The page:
humanities: the interactions with humankind, either with other cultures or nature. This can be better understood by examining Humanities: the study of a text with other related texts/media (topic, time period, place), which ultimately transcends the meaning of the first text.
revolution: The overturn of an accepted conceptual scheme by those in power to alter the reality of their subjects. Power does not necessarily mean governmental, but rather the source and/or authority of the scheme. The subjects may not be silent, but their contribution can only be insignificant as they do not Most importantly, the change must be widespread.
Répétition D’un Ballet Sur La Scène was painted by Edgar Degas in 1874. This artifact is now displayed in the Musée D’Orsay. Under “Research Paper”, I explain how this piece and many like it contributed to a revolution in nineteenth century Paris.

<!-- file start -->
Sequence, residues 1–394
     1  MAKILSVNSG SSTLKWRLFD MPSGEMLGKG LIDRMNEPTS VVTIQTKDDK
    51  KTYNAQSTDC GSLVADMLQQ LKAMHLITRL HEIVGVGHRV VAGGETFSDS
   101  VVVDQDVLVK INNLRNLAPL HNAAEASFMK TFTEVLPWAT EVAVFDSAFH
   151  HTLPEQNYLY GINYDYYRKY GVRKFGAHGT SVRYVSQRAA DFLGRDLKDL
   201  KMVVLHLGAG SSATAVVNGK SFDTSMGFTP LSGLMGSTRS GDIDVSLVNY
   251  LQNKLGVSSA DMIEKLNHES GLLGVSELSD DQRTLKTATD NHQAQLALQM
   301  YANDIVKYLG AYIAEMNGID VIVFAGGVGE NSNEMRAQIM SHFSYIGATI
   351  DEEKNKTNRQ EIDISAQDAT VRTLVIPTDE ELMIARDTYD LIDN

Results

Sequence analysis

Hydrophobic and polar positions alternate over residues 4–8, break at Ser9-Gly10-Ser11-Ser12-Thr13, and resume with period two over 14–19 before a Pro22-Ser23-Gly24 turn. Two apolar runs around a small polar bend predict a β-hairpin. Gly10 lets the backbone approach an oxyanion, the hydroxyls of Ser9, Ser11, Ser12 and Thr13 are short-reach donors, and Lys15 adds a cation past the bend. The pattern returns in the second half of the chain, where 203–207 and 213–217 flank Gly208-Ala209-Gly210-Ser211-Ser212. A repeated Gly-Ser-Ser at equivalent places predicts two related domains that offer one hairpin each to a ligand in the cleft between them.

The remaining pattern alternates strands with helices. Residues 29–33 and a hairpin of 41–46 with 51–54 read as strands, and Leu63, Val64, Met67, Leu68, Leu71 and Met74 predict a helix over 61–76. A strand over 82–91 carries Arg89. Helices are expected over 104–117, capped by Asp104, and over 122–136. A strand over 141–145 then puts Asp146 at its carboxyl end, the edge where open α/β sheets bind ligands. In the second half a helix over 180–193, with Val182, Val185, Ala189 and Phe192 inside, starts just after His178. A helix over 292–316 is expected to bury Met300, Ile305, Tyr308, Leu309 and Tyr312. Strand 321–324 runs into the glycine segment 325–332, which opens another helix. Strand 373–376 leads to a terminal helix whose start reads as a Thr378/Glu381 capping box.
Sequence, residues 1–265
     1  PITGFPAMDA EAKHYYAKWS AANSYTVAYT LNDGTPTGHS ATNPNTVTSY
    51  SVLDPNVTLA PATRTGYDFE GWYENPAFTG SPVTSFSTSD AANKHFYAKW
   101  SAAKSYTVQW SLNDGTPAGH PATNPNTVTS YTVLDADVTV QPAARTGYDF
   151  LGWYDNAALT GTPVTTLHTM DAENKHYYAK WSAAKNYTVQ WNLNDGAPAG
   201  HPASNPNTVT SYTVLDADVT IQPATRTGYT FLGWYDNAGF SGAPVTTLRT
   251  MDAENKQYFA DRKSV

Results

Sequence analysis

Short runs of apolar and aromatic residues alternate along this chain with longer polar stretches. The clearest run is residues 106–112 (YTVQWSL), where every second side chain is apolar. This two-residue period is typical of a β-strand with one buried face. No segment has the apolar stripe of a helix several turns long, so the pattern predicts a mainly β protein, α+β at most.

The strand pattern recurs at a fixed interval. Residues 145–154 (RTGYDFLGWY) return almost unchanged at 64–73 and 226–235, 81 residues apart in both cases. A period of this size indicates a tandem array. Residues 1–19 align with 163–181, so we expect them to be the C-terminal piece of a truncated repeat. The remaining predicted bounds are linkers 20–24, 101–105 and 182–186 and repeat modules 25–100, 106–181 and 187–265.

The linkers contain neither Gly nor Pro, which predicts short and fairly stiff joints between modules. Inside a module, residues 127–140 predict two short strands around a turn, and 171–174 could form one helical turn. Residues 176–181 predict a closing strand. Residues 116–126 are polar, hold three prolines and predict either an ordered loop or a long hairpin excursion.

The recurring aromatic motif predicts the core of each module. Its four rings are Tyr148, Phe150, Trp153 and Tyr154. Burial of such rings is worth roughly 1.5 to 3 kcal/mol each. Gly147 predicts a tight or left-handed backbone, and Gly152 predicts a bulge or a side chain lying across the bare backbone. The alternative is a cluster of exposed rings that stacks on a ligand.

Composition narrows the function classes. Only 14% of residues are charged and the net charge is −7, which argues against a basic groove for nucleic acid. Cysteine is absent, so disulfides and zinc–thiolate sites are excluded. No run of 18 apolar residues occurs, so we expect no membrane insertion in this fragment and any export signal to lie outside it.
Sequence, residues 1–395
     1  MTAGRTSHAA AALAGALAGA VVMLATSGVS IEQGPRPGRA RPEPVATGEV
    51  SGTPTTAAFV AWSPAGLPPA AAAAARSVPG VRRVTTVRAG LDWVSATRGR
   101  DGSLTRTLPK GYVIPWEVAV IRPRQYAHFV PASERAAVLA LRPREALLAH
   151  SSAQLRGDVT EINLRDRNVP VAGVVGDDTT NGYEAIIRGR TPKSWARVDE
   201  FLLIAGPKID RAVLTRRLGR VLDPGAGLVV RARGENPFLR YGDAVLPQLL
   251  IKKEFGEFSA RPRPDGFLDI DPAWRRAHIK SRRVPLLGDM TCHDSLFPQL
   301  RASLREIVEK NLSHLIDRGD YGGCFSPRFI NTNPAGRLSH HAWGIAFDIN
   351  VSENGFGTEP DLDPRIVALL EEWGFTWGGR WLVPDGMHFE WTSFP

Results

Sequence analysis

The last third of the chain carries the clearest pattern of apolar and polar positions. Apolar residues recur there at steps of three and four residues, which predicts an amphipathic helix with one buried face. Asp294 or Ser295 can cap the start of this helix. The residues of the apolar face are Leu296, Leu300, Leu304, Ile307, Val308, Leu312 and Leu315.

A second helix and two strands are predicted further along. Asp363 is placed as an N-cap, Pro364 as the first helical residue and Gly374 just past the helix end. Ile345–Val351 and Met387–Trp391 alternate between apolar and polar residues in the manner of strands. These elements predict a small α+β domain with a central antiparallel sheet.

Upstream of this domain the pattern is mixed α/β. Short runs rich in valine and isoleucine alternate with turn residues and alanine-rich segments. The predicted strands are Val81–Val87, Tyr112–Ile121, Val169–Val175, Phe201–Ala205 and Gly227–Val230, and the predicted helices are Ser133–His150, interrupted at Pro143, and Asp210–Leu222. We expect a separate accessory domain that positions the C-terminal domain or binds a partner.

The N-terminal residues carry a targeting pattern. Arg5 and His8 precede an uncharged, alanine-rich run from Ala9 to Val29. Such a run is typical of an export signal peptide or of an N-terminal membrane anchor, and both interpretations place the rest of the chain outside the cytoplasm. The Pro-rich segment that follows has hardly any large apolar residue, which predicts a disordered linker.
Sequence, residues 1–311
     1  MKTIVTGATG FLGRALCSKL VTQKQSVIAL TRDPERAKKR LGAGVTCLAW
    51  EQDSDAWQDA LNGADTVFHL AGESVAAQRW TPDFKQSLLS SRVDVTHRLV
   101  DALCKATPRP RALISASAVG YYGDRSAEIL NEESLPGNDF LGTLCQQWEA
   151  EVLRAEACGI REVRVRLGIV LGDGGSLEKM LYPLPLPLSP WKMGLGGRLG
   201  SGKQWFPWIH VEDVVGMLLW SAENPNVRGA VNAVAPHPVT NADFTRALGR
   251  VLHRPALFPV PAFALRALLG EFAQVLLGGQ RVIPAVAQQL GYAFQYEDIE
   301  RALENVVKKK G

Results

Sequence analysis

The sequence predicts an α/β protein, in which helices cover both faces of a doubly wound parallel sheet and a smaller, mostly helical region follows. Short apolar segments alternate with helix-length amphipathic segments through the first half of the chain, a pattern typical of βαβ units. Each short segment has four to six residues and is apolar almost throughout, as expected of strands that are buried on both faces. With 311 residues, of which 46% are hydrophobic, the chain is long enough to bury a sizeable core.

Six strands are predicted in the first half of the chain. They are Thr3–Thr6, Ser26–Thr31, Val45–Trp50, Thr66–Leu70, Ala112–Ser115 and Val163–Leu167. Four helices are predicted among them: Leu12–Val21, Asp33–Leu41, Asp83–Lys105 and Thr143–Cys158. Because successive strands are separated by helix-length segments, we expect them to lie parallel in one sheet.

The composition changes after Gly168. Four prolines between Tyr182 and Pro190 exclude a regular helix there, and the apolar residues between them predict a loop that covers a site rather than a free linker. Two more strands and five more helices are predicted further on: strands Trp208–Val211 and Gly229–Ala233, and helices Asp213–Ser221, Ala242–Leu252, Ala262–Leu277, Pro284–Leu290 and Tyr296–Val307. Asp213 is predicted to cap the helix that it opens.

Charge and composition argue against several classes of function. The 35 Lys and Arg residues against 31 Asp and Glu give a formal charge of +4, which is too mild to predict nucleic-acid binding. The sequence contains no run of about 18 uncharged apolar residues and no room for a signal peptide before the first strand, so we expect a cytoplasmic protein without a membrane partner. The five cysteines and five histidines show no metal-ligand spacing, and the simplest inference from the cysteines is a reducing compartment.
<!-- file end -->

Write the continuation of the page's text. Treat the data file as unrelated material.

Degas, Edgar. Répétition D’un Ballet Sur La Scène. 1874. Musée D’Orsay.
Goldstone, Jack A. Revolutions: A Very Short Introduction. Oxford: Oxford University Press, 2014.
Kuhn, Thomas S. The Copernican Revolution: Planetary Astronomy in the Development of Western Thought. Cambridge, Massachusetts; London: Harvard University Press, 2003.
Lapham, Lewis H. Lapham’s Quarterly: Crowd Control. New York, NY: American Agora Foundation, 2008.